Monday, May 21, 2012

GMHC salutes the NAACP for their strong endorsement of marriage equality

by Marjorie Hill, PhD, Chief Executive Officer

GMHC salutes the NAACP for their strong endorsement of marriage equality.  The NAACP, one of the leading voices for social justice and equality for all Americans, will help bring the message of equal treatment to even more people--helping transform our country into one that is more just.  NAACP President Ben Jealous and their Board of Directors are to be commended, as well as leading NAACP members Julian Bond and Congressman John Lewis.

In the words of Coretta Scott King, "Freedom and justice cannot be parceled out in pieces to suit political convenience.  I don't believe you can stand for freedom for one group of people and deny it to others."

GMHC is proud to stand with the NAACP in our united commitment for marriage equality.


Thursday, May 17, 2012

AIDS Walk Steps Still Lead the Way

by Craig Miller

courtesy of AIDS Walk New York
Medication and condoms alone will never end AIDS. These tools, as important as they are, must be married with vital social change. To truly end AIDS, we must overcome poverty, racism, sexism, and homophobia.

It is GMHC’s and my strong belief that these social ills fuel the epidemic. They must be confronted by the powerful community that participatesin, and contributes to, AIDS Walk New York each year.

If we are to achieve a generation free of AIDS, then we need a government that is truly laying the groundwork to eliminate discrimination against alldisenfranchised people. To end AIDS, we must fight institutionalized discrimination.

For example, we need a government that stops pounding LGBT youth with messages that diminish their worth and jeopardize their futures. We must also push back against religious doctrine that shames rather than uplifts. As they demonstrate each year, AIDS Walk New York participants are deeply committed to, and are powerfully advancing, this vision of equality.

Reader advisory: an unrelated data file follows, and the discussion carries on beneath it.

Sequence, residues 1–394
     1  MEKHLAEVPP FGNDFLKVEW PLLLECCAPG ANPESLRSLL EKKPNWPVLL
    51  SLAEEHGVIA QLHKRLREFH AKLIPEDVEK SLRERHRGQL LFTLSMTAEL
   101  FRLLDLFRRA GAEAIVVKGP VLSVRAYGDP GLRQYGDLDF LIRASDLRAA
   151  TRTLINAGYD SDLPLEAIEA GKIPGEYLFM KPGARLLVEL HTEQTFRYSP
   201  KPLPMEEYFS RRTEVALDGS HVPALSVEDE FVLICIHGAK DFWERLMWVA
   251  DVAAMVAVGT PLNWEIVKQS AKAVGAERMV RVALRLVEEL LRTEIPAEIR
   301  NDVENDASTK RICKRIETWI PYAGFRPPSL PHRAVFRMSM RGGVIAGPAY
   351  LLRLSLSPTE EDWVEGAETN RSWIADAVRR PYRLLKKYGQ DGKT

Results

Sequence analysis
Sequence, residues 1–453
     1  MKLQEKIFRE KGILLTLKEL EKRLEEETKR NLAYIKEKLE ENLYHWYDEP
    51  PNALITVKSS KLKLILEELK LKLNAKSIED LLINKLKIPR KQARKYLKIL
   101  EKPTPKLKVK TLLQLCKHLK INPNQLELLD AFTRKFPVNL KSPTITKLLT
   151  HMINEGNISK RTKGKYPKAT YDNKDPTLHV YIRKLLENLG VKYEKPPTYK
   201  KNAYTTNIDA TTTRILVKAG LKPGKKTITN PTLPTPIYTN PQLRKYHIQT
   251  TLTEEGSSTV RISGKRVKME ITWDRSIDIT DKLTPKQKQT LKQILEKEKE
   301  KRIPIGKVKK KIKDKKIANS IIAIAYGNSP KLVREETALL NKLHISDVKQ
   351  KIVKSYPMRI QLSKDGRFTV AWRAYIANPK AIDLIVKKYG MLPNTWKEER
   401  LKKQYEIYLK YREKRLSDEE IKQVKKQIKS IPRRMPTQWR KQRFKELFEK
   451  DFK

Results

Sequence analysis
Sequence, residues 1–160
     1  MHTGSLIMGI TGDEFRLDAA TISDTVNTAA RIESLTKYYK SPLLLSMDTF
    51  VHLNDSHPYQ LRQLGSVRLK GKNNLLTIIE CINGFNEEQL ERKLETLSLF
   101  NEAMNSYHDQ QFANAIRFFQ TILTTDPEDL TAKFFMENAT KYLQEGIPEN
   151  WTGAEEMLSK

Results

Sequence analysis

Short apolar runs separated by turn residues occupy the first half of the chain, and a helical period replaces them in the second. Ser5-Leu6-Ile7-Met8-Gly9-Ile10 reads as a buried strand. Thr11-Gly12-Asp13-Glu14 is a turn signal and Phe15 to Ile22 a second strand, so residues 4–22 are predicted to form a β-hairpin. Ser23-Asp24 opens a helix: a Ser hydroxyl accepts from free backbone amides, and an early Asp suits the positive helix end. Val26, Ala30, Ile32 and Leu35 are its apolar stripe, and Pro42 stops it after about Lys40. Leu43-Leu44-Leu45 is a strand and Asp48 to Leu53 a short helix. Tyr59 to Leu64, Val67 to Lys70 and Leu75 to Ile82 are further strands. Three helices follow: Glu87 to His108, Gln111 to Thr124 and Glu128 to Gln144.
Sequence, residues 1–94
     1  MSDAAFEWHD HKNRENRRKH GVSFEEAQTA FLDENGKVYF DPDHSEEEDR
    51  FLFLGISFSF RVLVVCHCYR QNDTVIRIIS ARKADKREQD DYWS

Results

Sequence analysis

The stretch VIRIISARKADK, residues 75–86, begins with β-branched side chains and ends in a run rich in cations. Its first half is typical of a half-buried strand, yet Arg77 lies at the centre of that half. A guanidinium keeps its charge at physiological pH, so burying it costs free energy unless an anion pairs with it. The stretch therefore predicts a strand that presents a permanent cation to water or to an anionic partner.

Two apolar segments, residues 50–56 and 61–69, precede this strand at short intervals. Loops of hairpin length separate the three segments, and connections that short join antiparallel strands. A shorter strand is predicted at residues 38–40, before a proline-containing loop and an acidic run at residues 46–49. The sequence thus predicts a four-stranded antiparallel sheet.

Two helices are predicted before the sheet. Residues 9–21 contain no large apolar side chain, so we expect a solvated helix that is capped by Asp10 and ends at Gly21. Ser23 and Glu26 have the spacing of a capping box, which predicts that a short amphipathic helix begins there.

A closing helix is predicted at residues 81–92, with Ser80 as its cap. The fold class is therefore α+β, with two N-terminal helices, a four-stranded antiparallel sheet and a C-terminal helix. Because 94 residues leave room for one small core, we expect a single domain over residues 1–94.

The Obama administration does seem to be working to lay the foundation for such a future, with the first-ever National HIV/AIDS Strategy and with the president’s historic statement declaring his support for marriage equality.

At the legislative level, important work is being done. Congressman Jerrold Nadler, D-N.Y., has sponsored a widely supported bill to repeal the so-called Defense of Marriage Act. Congresswoman Linda Sánchez, D-Calif., is advancing the Social Security Equality Act of 2012 to end the discrimination against LGBT Americans that is embedded in our Social Security system. These are just two of the many legislative paths that will help fight AIDS while serving the larger cause of full LGBT equality under the law.

To end AIDS, we must also lift up LGBT youth and combat homophobia. Our young people far too often endure bullying from their peers, as well as messages of disapproval from their communities, from close-minded ideologues, and sometimes, tragically, from their own families. This can result in severe and even fatal depression; it can also lead them to make choices that put them at risk for HIV. AIDS Walk New York supports programs at GMHC like Club 1319 that provide guidance to questioning, bisexual, and gay teens, helping them make positive, informed decisions about their health.

To end AIDS we, must fight racism and sexism. People of color continue to disproportionately face disparities in the quality and availability of affordable healthcare. That means less HIV information, less testing, less treatment, and a greater opportunity for the virus to spread.

Women, particularly those facing economic duress, too often lack the power to negotiate safer sex with their male partners. The numbers illustrate this ongoing tragedy. In New York City, women now make up a much larger proportion – 32% – of all HIV diagnoses than they did at the start of the epidemic.